Apple and Google are facing new pressure to deplatform Parler, a social network founded as a less moderated and more conservative-friendly alternative to Facebook and Twitter. Late Friday, BuzzFeed News reported that Apple has given Parler 24 hours to put a moderation platform into place or be expelled from its App Store.
Apple wrote to Parler executives Friday telling them it had received complaints about “objectionable content,” according to BuzzFeed, “accusations that the Parler app was used to plan, coordinate, and facilitate the illegal activities in Washington D.C. on January 6, 2021 that led (among other things) to loss of life, numerous injuries, and the destruction of property. The app also appears to continue to be used to plan and facilitate yet further illegal and dangerous activities.” If Parler doesn’t comply, the app will be removed from the App Store.
Activist group Sleeping Giants had called on both Apple and Google to ban Parler from their app stores in response to posts calling for violence against elected officials.
As evidence, the group posted screenshots of Parler posts calling for Vice President Mike Pence to face a firing squad and encouraging “American Patriots” to return to the capital on January 19th “carrying Our weapons.”
The group points out that both Google and Apple have clear rules against violent threats and moderation of content. Apple’s App Store says apps must have “a method for filtering objectionable material from being posted” and “a mechanism to report offensive content.” Google’s Play Store bars apps that “depict or facilitate gratuitous violence or other dangerous activities,” and that “we don’t allow apps that contain or facilitate threats, harassment, or bullying.”
Neither Apple nor Google replied to requests for comment from ThinkAuthority. Parler also did not reply to a request for comment.
Parler saw its numbers skyrocket after Twitter and Facebook tightened their moderation, with conservative protesters finding a home among like-minded users. In a Thursday interview with Kara Swisher on the Sway podcast, Parler CEO John Matze said any posts on the site indicating Wednesday’s riots were “illegally organized and against the law” would have been removed. “But I don’t feel responsible for any of this and neither should the platform, considering we’re a neutral town square that just adheres to the law,” he said.
The “Stop the Steal” campaign challenging President Trump’s loss gained particular momentum among Parler users, as well as other conspiracy theories around the election that had been debunked elsewhere. In the wake of the Capitol raid, researchers have circulated dozens of posts on Parler that encouraged violence leading up to the attack on the Capitol. “Chloroform. Silencers. SHARP knives & keep walking,” reads one, “take zip ties with you, sneak up on them like ninjas and zip tie their hands and feet,” reads another, to which someone replied: “around their neck, can’t get it off in time, they die.”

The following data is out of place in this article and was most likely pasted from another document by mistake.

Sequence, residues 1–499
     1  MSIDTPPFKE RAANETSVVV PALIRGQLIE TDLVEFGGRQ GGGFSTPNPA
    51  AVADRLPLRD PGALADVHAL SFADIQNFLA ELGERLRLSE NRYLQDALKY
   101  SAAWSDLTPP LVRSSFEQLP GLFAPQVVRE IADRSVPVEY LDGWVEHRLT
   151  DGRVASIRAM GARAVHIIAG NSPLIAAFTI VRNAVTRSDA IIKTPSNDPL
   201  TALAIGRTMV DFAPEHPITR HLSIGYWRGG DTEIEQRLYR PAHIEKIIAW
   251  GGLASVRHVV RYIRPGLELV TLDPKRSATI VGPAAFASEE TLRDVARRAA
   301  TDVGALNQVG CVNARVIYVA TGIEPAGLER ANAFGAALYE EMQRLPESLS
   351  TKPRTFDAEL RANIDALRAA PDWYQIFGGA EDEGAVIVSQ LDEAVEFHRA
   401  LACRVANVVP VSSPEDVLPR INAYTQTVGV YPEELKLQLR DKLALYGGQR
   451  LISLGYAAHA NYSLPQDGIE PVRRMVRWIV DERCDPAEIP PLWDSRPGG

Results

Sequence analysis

On Thursday evening, the site had posts from Trump supporters questioning whether his concession speech was a deepfake.
There is some precedent for removing an app for hosting violent content. After a gunman killed eleven people in a Pittsburgh synagogue in 2018, PayPal banned the social network Gab from its platform, when it was revealed that suspect Robert Bowers had posted anti-Semitic rants on Gab ahead of the shooting. Apple had rejected Gab’s application to appear in its App Store in 2016, and Twitter removed Gab’s access to its API. Google removed the app from the Google Play store in 2017 for violating its hate speech policy.
Since Apple and Google control the biggest smartphone operating systems, the companies wield immense power over mobile app distribution. The inability to push its app on the two biggest app stores greatly reduced Gab’s reach, forcing users to find workarounds to use it on mobile sites. Gab’s desktop site, however, appears alive and well, with a new post from President Trump extolling the “great American Patriots who voted for me” leading the site’s “hot” posts on Friday morning.
Both Twitter and Facebook have implemented temporary bans on President Trump’s accounts, treating recent statements as likely to provoke violence. The platforms had previously adopted strict policies against election and voting misinformation during the campaign.
In a post on Parler Thursday, Matze criticized Facebook and Twitter for their actions against the president’s posts. “It’s clear that Facebook and Twitter believe the ends justify the means. They believe the American people are weak. They insult our founding fathers by suggesting Zuckerburg [sic] and Dorsey know what is best for us,” he wrote. “Parler is not an arbiter of truth. We believe in you. We believe you are wise enough to decide for yourself and trust that given access to all information we can self govern.”